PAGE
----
The LA Times ran an interesting piece a couple of days ago about Why supermarket tomatoes tend to taste bland. It turns out, according to new scientific research, that the hybridization carried out by tomato breeders over the last several decades has inadvertently introduced a mutation that interferes with sugar production within tomatoes — and hence made standard grocery-store tomatoes less tasty.
It’s important to note that this was the result of good old-fashioned hybridization, the kind of cross-breeding of plants that humans have been doing for thousands of years, the kind that has given us pretty much all of the fruits and vegetables that our species has lived on for generations.
But the LA Times mentions that the technologies of laboratory genetic engineering could be used to reverse, in a precise way, this clumsy error. In fact, scientists have done so in the lab, but such reverse-engineered tomatoes are unlikely to make it to grocery store shelves.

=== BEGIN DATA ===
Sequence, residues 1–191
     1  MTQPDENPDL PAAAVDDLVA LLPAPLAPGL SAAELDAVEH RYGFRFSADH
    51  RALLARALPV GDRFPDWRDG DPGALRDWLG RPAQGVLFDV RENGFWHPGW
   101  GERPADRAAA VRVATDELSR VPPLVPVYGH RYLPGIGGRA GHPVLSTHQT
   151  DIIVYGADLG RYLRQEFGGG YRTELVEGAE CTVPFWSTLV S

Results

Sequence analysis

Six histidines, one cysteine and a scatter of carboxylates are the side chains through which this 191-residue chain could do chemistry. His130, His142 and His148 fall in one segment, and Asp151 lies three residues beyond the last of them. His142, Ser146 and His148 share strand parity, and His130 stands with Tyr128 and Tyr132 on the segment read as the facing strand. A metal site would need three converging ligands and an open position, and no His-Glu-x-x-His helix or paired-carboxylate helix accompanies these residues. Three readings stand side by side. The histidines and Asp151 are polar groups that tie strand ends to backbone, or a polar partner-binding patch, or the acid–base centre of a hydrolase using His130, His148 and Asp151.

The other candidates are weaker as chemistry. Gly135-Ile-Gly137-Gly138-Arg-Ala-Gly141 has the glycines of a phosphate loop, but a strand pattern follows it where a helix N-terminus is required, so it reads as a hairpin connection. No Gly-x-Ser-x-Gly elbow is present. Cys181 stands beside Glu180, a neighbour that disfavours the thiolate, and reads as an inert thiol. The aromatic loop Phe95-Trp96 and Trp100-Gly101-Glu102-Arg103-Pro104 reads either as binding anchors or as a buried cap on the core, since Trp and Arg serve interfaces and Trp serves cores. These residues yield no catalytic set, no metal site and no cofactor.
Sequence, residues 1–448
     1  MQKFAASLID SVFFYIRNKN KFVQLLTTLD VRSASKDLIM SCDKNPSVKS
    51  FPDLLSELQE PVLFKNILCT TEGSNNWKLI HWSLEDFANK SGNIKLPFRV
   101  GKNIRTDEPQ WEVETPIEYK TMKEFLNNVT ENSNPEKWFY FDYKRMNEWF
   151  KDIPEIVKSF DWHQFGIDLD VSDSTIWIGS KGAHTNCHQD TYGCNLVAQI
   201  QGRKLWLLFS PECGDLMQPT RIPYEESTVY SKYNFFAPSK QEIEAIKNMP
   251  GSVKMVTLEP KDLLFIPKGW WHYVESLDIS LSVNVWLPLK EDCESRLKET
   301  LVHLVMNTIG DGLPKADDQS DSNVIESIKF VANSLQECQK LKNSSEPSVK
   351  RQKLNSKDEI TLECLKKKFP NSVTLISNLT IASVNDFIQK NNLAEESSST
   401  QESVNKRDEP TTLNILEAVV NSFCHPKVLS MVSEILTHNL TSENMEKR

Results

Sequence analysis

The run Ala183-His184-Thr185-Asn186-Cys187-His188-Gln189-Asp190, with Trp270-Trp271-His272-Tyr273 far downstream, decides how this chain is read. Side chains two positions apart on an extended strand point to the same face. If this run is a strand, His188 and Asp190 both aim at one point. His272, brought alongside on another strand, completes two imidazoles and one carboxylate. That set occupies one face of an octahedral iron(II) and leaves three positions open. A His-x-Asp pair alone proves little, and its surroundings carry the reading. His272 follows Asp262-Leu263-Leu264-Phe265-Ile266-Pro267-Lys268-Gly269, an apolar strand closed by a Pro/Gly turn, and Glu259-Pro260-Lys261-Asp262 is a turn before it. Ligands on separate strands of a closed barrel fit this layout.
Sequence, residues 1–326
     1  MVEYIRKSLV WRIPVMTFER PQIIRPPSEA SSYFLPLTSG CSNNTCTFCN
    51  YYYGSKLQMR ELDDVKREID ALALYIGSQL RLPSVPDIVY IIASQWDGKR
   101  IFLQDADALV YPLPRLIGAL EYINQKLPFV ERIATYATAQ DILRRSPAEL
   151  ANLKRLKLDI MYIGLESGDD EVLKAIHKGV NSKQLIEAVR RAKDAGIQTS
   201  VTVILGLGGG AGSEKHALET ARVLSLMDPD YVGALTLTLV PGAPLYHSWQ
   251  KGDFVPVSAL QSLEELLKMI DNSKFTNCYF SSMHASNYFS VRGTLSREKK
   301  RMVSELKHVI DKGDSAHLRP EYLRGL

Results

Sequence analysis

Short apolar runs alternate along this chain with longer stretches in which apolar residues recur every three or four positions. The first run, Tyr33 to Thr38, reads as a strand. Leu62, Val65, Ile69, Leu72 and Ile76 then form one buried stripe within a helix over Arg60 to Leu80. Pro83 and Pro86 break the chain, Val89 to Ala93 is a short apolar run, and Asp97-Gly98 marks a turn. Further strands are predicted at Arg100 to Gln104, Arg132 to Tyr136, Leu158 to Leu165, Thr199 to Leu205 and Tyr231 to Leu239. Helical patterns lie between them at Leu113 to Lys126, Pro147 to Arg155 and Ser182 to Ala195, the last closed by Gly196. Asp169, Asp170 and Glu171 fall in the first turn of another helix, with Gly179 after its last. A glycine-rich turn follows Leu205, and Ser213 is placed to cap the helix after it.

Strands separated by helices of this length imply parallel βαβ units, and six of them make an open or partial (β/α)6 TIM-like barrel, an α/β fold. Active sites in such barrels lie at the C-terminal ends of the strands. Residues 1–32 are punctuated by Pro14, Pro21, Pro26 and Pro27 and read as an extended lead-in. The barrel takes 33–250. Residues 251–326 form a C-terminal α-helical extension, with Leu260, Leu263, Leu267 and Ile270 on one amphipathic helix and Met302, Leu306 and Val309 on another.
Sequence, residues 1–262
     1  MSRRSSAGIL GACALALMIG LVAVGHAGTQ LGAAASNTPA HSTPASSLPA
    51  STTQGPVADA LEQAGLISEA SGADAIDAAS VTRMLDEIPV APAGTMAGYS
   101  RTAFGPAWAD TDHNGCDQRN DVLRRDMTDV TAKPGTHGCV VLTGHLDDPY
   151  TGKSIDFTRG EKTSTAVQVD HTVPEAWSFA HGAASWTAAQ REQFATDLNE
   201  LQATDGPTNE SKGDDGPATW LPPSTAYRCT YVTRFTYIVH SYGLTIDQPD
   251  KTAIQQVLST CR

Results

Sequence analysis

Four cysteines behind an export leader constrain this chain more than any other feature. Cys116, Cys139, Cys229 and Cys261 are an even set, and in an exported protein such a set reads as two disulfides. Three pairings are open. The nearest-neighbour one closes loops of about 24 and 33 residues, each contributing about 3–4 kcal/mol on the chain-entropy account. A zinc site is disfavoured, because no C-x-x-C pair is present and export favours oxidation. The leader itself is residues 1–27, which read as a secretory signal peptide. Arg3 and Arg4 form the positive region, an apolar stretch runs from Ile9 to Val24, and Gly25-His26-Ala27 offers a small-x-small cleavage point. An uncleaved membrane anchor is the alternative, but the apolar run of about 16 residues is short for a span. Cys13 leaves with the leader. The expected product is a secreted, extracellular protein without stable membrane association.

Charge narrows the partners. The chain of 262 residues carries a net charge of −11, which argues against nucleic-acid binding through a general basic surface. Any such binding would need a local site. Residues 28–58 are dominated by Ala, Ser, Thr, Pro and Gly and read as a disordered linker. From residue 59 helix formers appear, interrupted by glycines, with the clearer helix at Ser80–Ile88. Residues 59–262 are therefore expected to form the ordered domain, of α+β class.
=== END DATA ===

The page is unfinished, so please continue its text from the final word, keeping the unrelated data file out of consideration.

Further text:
But what if — however unlikely, given regulatory hurdles and problems of public acceptance — tomatoes genetically engineered in a way that reversed this error made it onto grocery store shelves? What if we could buy tomatoes genetically engineered to include a gene their tasty ancestors originally had? In a sense, the result would be, far from something “unnatural,” a more authentic tomato than the ones currently available.
The concept of authenticity is a vexed one. For some it has to do with “naturalness.” For some it has to do with pedigree, with where a thing came from. In his terrific 2010 book, The Authenticity Hoax, Andrew Potter suggests that in at least some instances, people regard authenticity as having something to do with being true to some vision of what a thing ought to be. From this point of view, genetically engineering the tomato to reactivate the GLK2 gene would result in a more authentic tomato, one truer to what tomatoes used to be, truer to the tomatoes your great-grandmother used to enjoy as a child.